The president-elect’s central campaign promise was already 16 years in the making.
By Jared Keller
Thousands of anti-Trump protesters took to the streets in cities across the United States this weekend. (Photo: Spencer Platt/Getty Images)
Ever since he decried undocumented Mexicans as criminals and rapists during his campaign kickoff last year, aggressive immigration reform has been a policy pillar of Donald Trump’s electoral mantra. Now the president-elect, Trump has promised to “begin removing the more than two million criminal illegal immigrants from the country” in the first 100 days of his presidency. In his first post-election comments on his immigration platform, he doubled down on that deportation promise.
“What we are going to do is get the people that are criminal and have criminal records, gang members, drug dealers, where a lot of these people, probably two million, it could be even three million, we are getting them out of our country or we are going to incarcerate,” Trump told60 Minutes in an interview Sunday. “But we’re getting them out of our country; they’re here illegally.”
Trump’s pronouncements paint a foreboding picture for American immigrants. Most symbolic of this future is the appointment of Kansas Secretary of State Kris Kobach to Trump’s transition team. Kobach, as the Daily Kos points out, is the architect of “the most racist law in modern American history”: Arizona’s controversial 2010 SB-1070 law, which empowers police “to ask for papers from anyone they have a reasonable suspicion of being without status,” including “any person of color, or anyone with a foreign accent,” as the Center for American Progress describes it.
In all likelihood, Trump will indeed manage to make good on his promise. The Trump administration could easily direct the Immigration and Customs Enforcement — whose union endorsed Trump in an electoral first and whose agents, BuzzFeed reports, are thrilled with his victory — to ratchet up its tactics on the country’s southwest border.
“Trump has vowed to expand the definition of ‘criminal alien,’ for example, to include immigrants in the U.S. illegally who are convicted of drunken driving,” NPR explains. “Without the approval of Congress, a President Trump could instruct his immigration agents to round up every immigrant convicted of a crime and deport them all.”
The irony of Trump’s immigration promise is that, despite any alarming rhetoric, it’s really nothing new. President Barack Obama has overseen a record number of deportations during the course of his administration with 2.5 million people between 2009 and 2015 alone, more than any other single presidency in American history, according to an ABC News analysis. This uptick in immigration prosecutions over illegal entry made Trump’s campaign accusations that the Obama administration was lax on border security a farce — the Mexican emigre population of the United States actually declined between 2009 and 2014. Trump’s fiery rhetoric only obscured the truth of U.S. immigration policy: Post-9/11 fear of foreigners has pushed deportations to a record high.
And as Vox’s Dara Lind points out, almost every state and local prison in the U.S. had become a “feeder” for federal immigration authorities as part of the Secure Communities program that was developed by the George W. Bush administration and enforced under Obama, sharing “digital footprints” of any suspect prisoners with federal agents in order to “more effectively identify and facilitate the removal of criminal aliens in the custody of state and local law enforcement agencies.” In essence, this transforms every local police officer into an immigration agent. Despite its name, Secure Communities “led to no meaningful reductions in the F.B.I. index crime rate … nor has it reduced rates of violent crime — homicide, rape, robbery, or aggravated assault,” according to a 2014 study by two law professors.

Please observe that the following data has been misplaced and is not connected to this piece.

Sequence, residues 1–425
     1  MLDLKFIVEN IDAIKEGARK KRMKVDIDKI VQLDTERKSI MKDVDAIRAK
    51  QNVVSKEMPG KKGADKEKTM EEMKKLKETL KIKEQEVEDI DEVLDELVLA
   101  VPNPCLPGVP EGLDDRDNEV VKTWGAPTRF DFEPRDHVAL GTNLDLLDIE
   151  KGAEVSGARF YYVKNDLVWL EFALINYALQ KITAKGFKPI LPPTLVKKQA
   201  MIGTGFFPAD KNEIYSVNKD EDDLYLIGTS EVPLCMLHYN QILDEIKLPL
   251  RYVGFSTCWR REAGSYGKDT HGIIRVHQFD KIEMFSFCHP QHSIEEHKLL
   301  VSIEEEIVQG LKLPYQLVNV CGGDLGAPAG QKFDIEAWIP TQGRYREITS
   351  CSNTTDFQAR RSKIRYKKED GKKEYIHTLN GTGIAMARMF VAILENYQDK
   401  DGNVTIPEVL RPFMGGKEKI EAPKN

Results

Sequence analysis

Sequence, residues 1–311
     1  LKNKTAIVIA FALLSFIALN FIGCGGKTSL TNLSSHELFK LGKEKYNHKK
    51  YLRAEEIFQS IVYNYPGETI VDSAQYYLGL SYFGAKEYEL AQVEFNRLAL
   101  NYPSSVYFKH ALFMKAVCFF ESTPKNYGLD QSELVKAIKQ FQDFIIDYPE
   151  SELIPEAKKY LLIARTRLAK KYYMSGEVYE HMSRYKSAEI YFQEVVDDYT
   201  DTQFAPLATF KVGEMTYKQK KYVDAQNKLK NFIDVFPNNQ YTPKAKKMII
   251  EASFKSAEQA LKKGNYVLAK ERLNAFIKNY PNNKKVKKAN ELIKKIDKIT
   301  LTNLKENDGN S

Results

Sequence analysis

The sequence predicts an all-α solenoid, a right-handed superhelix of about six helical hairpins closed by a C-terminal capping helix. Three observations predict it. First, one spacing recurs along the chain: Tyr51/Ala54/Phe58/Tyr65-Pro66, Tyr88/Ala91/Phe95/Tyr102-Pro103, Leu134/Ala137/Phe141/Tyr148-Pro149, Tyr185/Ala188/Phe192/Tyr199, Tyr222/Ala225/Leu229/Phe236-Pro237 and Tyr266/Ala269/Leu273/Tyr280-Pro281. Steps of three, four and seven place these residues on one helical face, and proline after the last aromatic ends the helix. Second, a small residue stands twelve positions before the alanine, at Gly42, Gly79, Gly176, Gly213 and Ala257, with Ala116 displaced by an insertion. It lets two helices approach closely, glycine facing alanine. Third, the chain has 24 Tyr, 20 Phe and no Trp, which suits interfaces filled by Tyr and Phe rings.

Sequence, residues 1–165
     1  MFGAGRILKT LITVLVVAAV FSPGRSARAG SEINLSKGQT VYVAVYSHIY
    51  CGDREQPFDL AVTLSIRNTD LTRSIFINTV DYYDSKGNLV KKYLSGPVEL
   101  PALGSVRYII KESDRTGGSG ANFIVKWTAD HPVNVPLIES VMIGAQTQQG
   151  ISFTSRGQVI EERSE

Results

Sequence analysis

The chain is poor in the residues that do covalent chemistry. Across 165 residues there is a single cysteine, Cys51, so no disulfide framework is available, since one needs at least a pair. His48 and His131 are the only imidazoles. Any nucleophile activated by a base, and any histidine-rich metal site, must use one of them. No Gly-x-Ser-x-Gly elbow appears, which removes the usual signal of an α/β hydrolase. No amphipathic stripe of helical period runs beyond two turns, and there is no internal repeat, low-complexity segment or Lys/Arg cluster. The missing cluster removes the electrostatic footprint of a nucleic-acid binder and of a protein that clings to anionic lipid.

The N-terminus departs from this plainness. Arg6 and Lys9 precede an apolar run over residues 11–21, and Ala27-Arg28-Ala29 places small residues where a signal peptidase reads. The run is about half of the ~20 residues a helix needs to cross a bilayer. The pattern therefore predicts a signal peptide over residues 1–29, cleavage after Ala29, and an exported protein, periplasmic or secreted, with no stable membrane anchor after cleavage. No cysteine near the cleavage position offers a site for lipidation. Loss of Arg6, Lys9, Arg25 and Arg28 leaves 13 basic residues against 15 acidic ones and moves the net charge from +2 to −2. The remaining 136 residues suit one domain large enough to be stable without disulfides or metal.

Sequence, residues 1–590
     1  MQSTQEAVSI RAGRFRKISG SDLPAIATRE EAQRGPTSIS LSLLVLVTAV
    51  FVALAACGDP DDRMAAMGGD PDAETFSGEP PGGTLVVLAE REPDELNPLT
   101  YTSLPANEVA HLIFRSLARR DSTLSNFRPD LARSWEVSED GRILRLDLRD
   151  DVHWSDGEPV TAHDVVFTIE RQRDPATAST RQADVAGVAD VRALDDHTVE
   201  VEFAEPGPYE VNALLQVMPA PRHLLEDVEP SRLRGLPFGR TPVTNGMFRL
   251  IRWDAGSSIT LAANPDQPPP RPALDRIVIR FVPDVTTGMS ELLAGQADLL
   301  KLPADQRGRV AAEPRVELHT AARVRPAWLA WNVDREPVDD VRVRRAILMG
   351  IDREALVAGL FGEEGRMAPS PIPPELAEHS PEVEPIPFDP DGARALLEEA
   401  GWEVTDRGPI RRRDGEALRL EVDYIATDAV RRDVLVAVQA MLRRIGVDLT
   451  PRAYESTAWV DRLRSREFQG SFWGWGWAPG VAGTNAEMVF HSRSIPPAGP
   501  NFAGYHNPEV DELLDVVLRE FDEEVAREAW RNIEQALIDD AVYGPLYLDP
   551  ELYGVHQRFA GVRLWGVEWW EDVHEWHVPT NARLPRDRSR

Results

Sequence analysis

Obama canceled the program in 2014, replacing it with the Priority Enforcement Program, which simply shifted the burden of apprehension and imprisonment to federal authorities who would “seek notification of an individual’s pending release from custody” without ending local-federal data sharing. In plain English: Don’t keep these guys locked up for us, just let us know when they’re getting cut loose so we can lock them up.
The Obama administration’s deputizing of local police forces under Secure Communities and the Priority Enforcement Program followed in the footsteps’ of 1996’s Illegal Immigration Reform and Immigrant Responsibility Act, which authorized local police forces to enforce federal immigration law under state-federal partnerships. After 9/11, the Bush administration kicked these partnerships into high gear, utilizing the country’s 800,000 police officers as a massive “force multiplier” to root out terrorists exploiting weaknesses in the existing immigration system. This tactic led to an increase in workplace raids — a practice that’s continued under the Obama administration.
For good measure, here’s Kobach (at that point a law professor and recent White House fellow) writing in 2006 about the nature of these state-federal partnerships:
This assistance need only be occasional, passive, voluntary, and pursued during the course of normal law enforcement activity. The net that is cast daily by local law enforcement during routine encounters with members of the public is so immense that it is inevitable illegal aliens will be identified.
It won’t take much to turn Trump’s immigration vows from political promises to policy realities. “The deportation machine is there — it’s been built by two past presidencies,” observes Lind, adding that Trump will likely return to the large-scale raids that grabbed headlines under the Bush administration.
While the gears of deportation were churning in the background under Obama, they’ll probably be less hesitant about baring their teeth going forward.